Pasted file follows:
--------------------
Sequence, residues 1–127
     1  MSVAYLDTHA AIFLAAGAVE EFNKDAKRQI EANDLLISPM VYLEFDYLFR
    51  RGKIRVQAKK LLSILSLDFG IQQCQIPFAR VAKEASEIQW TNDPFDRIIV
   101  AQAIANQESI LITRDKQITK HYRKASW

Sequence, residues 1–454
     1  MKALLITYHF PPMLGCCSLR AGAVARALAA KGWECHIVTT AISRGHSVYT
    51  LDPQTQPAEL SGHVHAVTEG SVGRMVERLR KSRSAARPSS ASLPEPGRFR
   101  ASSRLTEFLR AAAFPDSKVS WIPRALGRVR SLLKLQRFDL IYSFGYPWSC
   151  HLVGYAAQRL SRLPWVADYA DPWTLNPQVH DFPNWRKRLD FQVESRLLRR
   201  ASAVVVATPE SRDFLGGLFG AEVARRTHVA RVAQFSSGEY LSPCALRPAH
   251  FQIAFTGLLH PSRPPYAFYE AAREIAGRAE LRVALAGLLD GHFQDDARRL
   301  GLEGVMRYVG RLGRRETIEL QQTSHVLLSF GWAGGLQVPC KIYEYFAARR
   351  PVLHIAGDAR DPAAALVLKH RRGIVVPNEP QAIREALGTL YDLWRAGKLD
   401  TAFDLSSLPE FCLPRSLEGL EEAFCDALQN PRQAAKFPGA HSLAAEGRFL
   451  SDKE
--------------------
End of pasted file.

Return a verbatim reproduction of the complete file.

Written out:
Sequence, residues 1–127
     1  MSVAYLDTHA AIFLAAGAVE EFNKDAKRQI EANDLLISPM VYLEFDYLFR
    51  RGKIRVQAKK LLSILSLDFG IQQCQIPFAR VAKEASEIQW TNDPFDRIIV
   101  AQAIANQESI LITRDKQITK HYRKASW

Sequence, residues 1–454
     1  MKALLITYHF PPMLGCCSLR AGAVARALAA KGWECHIVTT AISRGHSVYT
    51  LDPQTQPAEL SGHVHAVTEG SVGRMVERLR KSRSAARPSS ASLPEPGRFR
   101  ASSRLTEFLR AAAFPDSKVS WIPRALGRVR SLLKLQRFDL IYSFGYPWSC
   151  HLVGYAAQRL SRLPWVADYA DPWTLNPQVH DFPNWRKRLD FQVESRLLRR
   201  ASAVVVATPE SRDFLGGLFG AEVARRTHVA RVAQFSSGEY LSPCALRPAH
   251  FQIAFTGLLH PSRPPYAFYE AAREIAGRAE LRVALAGLLD GHFQDDARRL
   301  GLEGVMRYVG RLGRRETIEL QQTSHVLLSF GWAGGLQVPC KIYEYFAARR
   351  PVLHIAGDAR DPAAALVLKH RRGIVVPNEP QAIREALGTL YDLWRAGKLD
   401  TAFDLSSLPE FCLPRSLEGL EEAFCDALQN PRQAAKFPGA HSLAAEGRFL
   451  SDKE